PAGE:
‘I’m really sorry. Was I meant to bring a tart on a plate for you?’ The blond barista tentatively interrupted as we both looked up from reading the variety of magazines that we had picked from the rack. We said yes and he apologised profusely before shortly returning with the tart. ‘Have some filters on the house’ he offered and placed two black coffees either side of the dessert.
They were better than the flat white. Smooth with a fruity mix and probably the best coffee I’ve had since I left Tokyo five months ago.
‘It’s nice to have something in Melbourne to talk about.’ I mentioned to Rachel. She smiled and went back to fawning over the publication she was reading.
It’s fairly easy for me to look back fondly on all the minimal coffee stands and design conscious places I visited while in Tokyo, but let’s be realistic here. I spent a total of 10 minutes at Be A Good Neighbor Coffee Kiosk in Sendagaya, Shibuya. Despite this, such was the pleasure in such a thrifty, thoughtful coffee experience with a humble message attached to it that I fell for it and it is one I can’t wait to revisit.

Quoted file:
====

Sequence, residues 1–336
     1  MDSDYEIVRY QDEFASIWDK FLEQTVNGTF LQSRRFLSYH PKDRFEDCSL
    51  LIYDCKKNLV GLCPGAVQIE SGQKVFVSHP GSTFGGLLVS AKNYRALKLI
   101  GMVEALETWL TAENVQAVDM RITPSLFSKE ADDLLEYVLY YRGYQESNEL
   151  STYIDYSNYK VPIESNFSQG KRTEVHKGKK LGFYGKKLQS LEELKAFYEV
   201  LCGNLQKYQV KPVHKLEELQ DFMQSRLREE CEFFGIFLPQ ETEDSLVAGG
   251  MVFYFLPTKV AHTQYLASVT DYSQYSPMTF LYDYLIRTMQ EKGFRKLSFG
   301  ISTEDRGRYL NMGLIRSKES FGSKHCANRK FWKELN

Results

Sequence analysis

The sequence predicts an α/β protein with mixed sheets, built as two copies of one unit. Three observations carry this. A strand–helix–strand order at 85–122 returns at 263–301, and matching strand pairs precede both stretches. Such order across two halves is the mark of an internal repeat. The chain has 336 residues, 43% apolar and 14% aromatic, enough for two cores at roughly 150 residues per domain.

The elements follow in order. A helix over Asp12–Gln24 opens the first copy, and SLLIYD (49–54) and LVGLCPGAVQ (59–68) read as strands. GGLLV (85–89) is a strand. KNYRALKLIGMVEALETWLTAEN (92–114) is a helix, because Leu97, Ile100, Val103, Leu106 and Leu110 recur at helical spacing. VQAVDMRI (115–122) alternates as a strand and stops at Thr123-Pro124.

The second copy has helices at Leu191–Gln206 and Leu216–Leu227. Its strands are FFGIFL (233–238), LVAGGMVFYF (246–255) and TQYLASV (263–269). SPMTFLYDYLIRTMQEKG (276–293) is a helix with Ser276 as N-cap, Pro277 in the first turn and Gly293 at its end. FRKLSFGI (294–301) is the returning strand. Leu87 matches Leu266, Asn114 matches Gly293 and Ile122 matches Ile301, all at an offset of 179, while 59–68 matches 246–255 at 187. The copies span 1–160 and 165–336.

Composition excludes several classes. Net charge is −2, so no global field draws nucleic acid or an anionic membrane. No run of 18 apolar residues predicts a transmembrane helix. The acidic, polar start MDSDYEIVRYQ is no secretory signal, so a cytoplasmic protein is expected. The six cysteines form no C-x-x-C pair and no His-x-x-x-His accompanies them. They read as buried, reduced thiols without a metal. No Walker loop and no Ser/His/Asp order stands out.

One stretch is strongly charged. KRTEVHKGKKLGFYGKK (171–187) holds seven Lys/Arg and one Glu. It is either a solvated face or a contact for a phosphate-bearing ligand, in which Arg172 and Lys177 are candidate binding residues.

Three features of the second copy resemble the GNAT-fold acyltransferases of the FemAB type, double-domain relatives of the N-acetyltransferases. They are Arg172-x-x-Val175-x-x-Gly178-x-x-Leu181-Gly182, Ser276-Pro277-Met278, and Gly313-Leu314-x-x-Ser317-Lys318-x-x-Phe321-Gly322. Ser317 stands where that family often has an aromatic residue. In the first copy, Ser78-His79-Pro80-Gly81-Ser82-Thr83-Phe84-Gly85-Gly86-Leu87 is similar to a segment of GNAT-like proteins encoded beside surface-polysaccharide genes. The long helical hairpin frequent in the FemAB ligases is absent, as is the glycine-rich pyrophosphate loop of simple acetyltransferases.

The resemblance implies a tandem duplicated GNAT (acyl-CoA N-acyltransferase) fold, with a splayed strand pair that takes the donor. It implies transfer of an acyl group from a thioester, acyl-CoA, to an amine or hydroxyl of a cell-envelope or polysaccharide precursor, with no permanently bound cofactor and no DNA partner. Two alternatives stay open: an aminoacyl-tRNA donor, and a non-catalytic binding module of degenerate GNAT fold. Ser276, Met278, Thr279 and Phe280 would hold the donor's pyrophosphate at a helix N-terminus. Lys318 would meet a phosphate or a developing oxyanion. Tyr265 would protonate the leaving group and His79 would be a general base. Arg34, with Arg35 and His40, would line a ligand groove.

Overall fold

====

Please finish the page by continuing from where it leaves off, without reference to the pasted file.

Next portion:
The original of a trifecta of coffee stands by owner Mashiro Kajiwara, editor of one of my former favorite Japanese publications RELAX mag, it’s plain to see his training and foresight for the future of specialty coffee wasn’t misplaced. The others having been opened on the other side of Tokyo at Skytree and in buzzing Roppongi are testament to this vision. True to the stores name, there’s a warm casual welcome when you enter, which is always acknowledged as a foreigner in Tokyo. There’s no pressure to order and vacate despite the closet like size and standing at the thin timber ledge on the window to gather your thoughts for a few minutes felt normal. The stand is being as good as it can be to you.
There’s a choice of 3 single origin beans from the understated Kagoshima based, Viola Coffee brewed anyway you prefer. There’s no seating but if you linger you won’t be rushed out and the staff are happy to talk espresso. If coffee isn’t your thing there’s also a small selection of teas, cakes and scones for you.